WALTER HOPPS, curator and co-founder (with artist Ed Kienholz) of the Ferus Gallery
Andy didn‘t come to L.A. for the ”Soup Can“ show at Ferus in 1962, so the next time I saw him was in 1963, when he came for the Ferus exhibition of his Elvis Presley pictures. While he was in town, he and Taylor Mead came to the opening of the Duchamp retrospective I curated for the Pasadena Museum. There’s a photograph from that night of a bunch of artists down on their knees giving the finger to Duchamp‘s Bottle Rack, and although Andy didn’t get on his knees, he‘s standing there watching with a smile. Andy wasn’t a participant, he was a watcher.
DAVID FAHEY, photography gallerist and West Coast contributing editor for Interview, 1985–1988
We got talking about the famous [Richard] Avedon photo of his scarred torso. Andy was complaining that he never got a copy of the print, and then he related a story to me, a curious little story. It was after he was shot and was in the hospital for some time. He was going in and out of consciousness. And he woke up and saw all the activity surrounding Bobby Kennedy‘s funeral on TV. It was 1968. And he thought that all the activity had to do with him, that it was his own funeral. He thought he was seeing his own funeral being broadcast.
MARY WORONOV, artist, writer and actor who toured with the Velvet Underground and appeared in nine Warhol films during the 1960s
Gerard [Malanga] and I were the dancers with the Exploding Plastic Inevitable, the show Andy developed around the Velvet Underground, and we all came to L.A. in 1966. Andy had a show at Ferus of the Silver Clouds — which he referred to as his ”goodbye to art“ — and the Velvets had an engagement at The Trip. The minute we got to town we hit Sunset Boulevard, which was full of people in brightly colored hippie clothes. We were all in black, of course, and were staying at the Tropicana, where the pool had no water in it. We sat around it anyway. A tiny theater on Sunset was screening some of Andy’s films while he was in town, and one afternoon Michael McClure did a reading there. Midway through the reading Jim Morrison wandered in, then he too did a reading that blew McClure away.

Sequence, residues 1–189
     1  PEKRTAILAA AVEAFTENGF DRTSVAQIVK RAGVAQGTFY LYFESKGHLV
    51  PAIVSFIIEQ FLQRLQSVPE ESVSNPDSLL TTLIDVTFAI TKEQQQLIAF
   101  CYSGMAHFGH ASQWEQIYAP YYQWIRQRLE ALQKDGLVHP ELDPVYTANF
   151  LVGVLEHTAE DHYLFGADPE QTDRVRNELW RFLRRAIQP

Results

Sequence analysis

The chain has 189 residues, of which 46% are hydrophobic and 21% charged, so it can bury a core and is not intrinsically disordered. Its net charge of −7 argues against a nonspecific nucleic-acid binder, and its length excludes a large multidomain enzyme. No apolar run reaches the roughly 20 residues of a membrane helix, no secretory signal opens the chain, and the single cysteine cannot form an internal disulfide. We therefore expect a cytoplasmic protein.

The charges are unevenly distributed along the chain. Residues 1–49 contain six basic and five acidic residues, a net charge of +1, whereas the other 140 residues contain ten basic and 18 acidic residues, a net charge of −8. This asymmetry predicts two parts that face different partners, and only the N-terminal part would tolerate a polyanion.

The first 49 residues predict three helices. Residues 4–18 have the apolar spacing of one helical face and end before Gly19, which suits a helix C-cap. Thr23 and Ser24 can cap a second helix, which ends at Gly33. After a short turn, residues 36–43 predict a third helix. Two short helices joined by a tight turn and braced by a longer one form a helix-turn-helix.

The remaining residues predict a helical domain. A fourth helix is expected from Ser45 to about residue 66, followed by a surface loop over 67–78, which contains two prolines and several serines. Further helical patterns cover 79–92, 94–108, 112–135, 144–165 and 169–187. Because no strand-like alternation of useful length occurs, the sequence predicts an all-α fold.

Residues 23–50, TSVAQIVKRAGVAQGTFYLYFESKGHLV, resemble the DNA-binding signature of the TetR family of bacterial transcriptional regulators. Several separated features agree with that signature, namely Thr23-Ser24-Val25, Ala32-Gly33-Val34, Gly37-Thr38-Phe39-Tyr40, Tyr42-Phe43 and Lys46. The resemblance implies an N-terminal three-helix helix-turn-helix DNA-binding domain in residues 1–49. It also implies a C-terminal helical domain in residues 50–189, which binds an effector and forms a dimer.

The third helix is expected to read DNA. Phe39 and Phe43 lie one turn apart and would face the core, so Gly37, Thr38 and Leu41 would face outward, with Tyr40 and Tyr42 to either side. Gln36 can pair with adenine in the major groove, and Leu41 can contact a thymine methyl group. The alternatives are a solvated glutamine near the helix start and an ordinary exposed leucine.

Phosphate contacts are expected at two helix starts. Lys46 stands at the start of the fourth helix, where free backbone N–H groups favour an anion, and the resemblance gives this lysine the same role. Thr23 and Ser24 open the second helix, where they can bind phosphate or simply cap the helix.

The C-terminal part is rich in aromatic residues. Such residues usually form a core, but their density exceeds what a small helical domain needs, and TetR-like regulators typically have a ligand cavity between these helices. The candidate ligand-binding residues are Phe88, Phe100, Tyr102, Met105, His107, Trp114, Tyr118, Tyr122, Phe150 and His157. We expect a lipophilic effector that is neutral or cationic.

After the Velvets had done a few shows, our gig at The Trip was shut down by the police, but to get paid we had to stay in town for the duration of the engagement. So we moved from the Tropicana to this old castle owned by [actor] Phillip Law, who often made it available to stranded bands. I remember sitting there one afternoon with Andy eating vanilla ice cream — we each had a quart, which we both finished. I remember that as a really nice moment.
GAVIN LAMBERT, author (Inside Daisy Clover, The Slide Area, The Goodbye People)
Andy was out in Los Angeles, and somehow we got onto the topic of Tiny Tim, who I had met. Andy said, ”I would love to meet him,“ and I said, ”Well, why don‘t I throw a party?“ So I called Tiny Tim. He said, ”Yes, I will come, and I will perform, but on one condition: Tuesday Weld has to be there.“ So I called Tuesday and I said, ”Look, it all depends on you, because Tiny Tim is mad about you.“ And she came. And Warren Beatty, Julie Christie, Natalie Wood, Polanski, and poor Sharon, completely stoned. Anyway, Tiny Tim sang. It was quite a party. And Warhol just loved it.
Everybody always said that he never talked because he had nothing to say. The thing about Andy that always struck me was that his deadpan was a mask that he put on when he didn’t want to talk to a person. If Andy was interested in something, he talked a lot. He was fascinated by the movies, and since I was moving around in the movie-star crowd, we had many long fan conversations. Why did Natalie break up with Warren? Things like that. His mind wasn‘t empty. It was just a mask.
JACK LARSON, actor, poet
I had grown up in the film industry, and had done a lot of acting until I quit because of the Jimmy Olsen typecasting thing. Anyhow, the art of film has always been in the editing. But then I saw Chelsea Girls with Ned Rorem. It was an entire new grammar of film. Someone would be doing a rap, Bridget Berlin or someone, and it lasted the whole reel of film. No cuts. Ned said, ”This is the most musical work of art that isn’t music . . . and the most perverse.“ We tried to tell Andy how extraordinary it was, but he didn‘t seem to understand. He said, ”Oh, well, it was fun, but we’ll make good films soon. We‘re learning to edit.“
In the first film that Andy did with Gerry Malanga, I played a native. It was called Tarzan and Jane Regained . . . Sort Of. This was before Paul Morrissey and Chelsea Girls. Andy and Gerry came down to Malibu with Taylor Mead and Naomi Levine as Tarzan and Jane, and they asked us to chase them down the beach. Dennis Hopper was also one of the natives. It was all catch as catch can. Then we were at the Bel-Air Hotel for drinks, and Andy introduced Taylor as a ”superstar.“ Taylor! Who looked, well, everything but cross-eyed. I had never heard that word before, ”superstar.“